Today’s column addresses questions about when Social Security uses the annual earnings test rather than the monthly test, when to contact Social Security in order to switch from a survivor’s benefit to a retirement benefit and how spousal and survivor’s benefits are calculated. Larry Kotlikoff is a Professor of Economics at Boston University and the founder and president of Economic Security Planning, Inc, which markets Maximize My Social Security and MaxiFi Planner.
See more Ask Larry answers here.
Have Social Security questions of your own you’d like answered? Ask Larry about Social Security here.
Will Social Security Use The Annual Earnings Test If It’s Better For Me Than The Monthly?
Hi Larry, I turned 62 in January 2020 and started my Social Security retirement benefit in February. In April I started a job after having no earnings in the year. I will earn about $28,000 for the eight months at about $3,500 per month. Since I will be over the $1,520 for those eight months, will I be eligible for any benefits? Do they use the annual earnings test if it would be more advantageous, meaning I would only have to pay back about half of the approximately $10,000 I will be over? Thanks, Brian
Hi Brian, Yes, Social Security will use whichever earnings test (i.e. annual or monthly) would allow you to be paid the most benefits for 2020 based on your work and earnings. The monthly test would only allow you to be paid for February and March, so if the annual earnings test would allow you to be paid benefits for more than two months, Social Security will use the annual earnings test in your case.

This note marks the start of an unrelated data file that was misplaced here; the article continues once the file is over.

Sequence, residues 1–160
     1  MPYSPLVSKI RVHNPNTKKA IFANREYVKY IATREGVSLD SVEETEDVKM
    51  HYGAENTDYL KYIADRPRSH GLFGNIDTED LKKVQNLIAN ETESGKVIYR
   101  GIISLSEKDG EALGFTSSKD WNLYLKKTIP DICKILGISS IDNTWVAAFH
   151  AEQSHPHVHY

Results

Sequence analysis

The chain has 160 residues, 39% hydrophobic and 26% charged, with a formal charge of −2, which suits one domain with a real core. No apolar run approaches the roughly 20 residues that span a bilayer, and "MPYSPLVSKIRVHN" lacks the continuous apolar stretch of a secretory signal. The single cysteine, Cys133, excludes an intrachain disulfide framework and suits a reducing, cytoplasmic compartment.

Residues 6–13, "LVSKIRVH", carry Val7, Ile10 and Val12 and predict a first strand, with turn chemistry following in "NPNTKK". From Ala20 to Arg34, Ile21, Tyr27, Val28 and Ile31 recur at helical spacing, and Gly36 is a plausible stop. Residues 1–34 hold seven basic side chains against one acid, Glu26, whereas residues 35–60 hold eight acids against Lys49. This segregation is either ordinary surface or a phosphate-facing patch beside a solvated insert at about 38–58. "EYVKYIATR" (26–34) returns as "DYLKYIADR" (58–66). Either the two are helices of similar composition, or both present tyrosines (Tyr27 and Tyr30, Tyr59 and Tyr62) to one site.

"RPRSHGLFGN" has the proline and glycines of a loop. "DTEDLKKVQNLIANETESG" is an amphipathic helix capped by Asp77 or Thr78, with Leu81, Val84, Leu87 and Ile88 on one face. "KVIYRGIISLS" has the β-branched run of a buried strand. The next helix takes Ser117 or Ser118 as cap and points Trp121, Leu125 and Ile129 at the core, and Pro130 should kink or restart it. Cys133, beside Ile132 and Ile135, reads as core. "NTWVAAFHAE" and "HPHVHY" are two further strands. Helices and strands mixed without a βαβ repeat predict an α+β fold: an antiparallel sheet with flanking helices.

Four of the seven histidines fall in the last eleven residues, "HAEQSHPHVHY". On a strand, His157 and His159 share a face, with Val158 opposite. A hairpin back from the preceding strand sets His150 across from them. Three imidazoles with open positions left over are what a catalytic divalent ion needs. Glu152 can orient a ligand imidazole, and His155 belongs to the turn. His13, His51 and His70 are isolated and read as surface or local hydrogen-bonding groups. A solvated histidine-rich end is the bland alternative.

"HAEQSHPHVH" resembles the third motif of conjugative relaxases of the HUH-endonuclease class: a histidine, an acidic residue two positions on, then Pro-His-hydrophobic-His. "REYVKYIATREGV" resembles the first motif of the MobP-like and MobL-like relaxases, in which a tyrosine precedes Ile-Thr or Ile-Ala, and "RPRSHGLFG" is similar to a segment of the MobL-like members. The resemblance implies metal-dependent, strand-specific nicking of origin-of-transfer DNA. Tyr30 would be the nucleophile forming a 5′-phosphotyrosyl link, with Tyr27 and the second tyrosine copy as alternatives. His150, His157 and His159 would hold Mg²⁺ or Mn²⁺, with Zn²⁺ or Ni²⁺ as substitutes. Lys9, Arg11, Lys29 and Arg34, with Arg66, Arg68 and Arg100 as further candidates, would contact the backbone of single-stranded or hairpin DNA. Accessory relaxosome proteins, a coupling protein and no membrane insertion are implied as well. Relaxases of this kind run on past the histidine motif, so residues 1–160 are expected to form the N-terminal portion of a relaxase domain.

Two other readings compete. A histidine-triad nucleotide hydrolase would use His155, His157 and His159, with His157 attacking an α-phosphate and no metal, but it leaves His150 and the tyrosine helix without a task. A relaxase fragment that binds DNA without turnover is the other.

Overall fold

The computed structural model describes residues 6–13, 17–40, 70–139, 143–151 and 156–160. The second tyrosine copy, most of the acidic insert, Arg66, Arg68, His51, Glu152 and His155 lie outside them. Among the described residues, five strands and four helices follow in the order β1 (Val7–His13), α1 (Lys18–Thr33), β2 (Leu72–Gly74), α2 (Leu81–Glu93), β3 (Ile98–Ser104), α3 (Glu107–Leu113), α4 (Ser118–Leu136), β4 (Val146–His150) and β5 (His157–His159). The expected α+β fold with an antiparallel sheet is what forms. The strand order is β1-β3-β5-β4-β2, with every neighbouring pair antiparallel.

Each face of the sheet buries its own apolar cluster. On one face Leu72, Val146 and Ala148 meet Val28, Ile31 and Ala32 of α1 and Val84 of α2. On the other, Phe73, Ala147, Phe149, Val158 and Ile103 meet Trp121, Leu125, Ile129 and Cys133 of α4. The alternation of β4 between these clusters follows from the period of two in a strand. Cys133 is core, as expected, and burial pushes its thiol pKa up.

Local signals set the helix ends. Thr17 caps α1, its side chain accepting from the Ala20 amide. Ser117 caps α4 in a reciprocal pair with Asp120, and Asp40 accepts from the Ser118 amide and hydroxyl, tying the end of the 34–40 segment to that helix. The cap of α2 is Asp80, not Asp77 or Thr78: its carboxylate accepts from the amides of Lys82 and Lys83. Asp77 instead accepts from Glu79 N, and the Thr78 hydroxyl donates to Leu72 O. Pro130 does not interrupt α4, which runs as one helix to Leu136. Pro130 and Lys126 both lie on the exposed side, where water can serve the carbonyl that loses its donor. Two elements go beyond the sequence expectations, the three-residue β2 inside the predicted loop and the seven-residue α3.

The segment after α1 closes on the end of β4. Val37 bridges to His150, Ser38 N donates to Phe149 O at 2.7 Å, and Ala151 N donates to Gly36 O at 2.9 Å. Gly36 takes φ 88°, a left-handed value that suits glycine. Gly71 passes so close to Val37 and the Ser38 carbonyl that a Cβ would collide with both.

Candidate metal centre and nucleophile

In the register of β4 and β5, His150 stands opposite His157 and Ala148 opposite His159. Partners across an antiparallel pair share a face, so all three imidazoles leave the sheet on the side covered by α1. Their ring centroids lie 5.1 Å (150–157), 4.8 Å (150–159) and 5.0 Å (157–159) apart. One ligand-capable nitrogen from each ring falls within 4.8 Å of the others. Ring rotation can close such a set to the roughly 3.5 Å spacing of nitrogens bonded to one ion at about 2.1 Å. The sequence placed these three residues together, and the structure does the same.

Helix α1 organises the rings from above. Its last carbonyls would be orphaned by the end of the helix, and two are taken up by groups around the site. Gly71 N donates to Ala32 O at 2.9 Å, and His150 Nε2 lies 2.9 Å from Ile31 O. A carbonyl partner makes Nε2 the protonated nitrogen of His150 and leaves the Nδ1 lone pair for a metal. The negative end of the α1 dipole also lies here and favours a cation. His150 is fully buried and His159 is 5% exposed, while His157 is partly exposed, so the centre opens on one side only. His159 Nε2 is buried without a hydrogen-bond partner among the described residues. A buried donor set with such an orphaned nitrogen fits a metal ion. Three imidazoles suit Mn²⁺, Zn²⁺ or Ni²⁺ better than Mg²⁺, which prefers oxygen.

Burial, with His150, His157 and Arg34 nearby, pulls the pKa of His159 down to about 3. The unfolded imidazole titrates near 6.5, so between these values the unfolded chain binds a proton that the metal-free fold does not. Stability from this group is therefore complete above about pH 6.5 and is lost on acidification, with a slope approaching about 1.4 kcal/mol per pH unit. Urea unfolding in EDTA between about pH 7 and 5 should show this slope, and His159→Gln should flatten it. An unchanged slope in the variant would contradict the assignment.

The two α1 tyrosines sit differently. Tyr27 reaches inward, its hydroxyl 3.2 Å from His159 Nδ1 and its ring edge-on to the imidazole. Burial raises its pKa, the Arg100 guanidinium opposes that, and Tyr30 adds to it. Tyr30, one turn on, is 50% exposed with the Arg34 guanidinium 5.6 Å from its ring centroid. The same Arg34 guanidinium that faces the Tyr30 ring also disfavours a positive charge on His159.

Since you already know that you will be earning too much to be paid all of your benefits this year, you are supposed to notify Social Security of that fact immediately. Social Security will then withhold some of your 2020 benefits so that you won’t have an overpayment when the year is finished. Having benefits withheld while you’re working is almost always preferable to getting overpaid, since you can then avoid having to repay an overpayment at a time when you may no longer be working.
Also, depending on your future plans regarding work and earnings, you may want to consider withdrawing your application and reapplying at a later date in order to receive a higher monthly benefit rate. My company’s software — Maximize My Social Security or MaxiFi Planner — finds your maximized strategy and also allows you to run what-if scenarios so that you can determine your best strategy. Social Security calculators provided by other companies or non-profits may provide proper suggestions if they were built with extreme care. Best, Larry
How Soon Do I Need To Contact Social Security To Switch To My Own Social Security?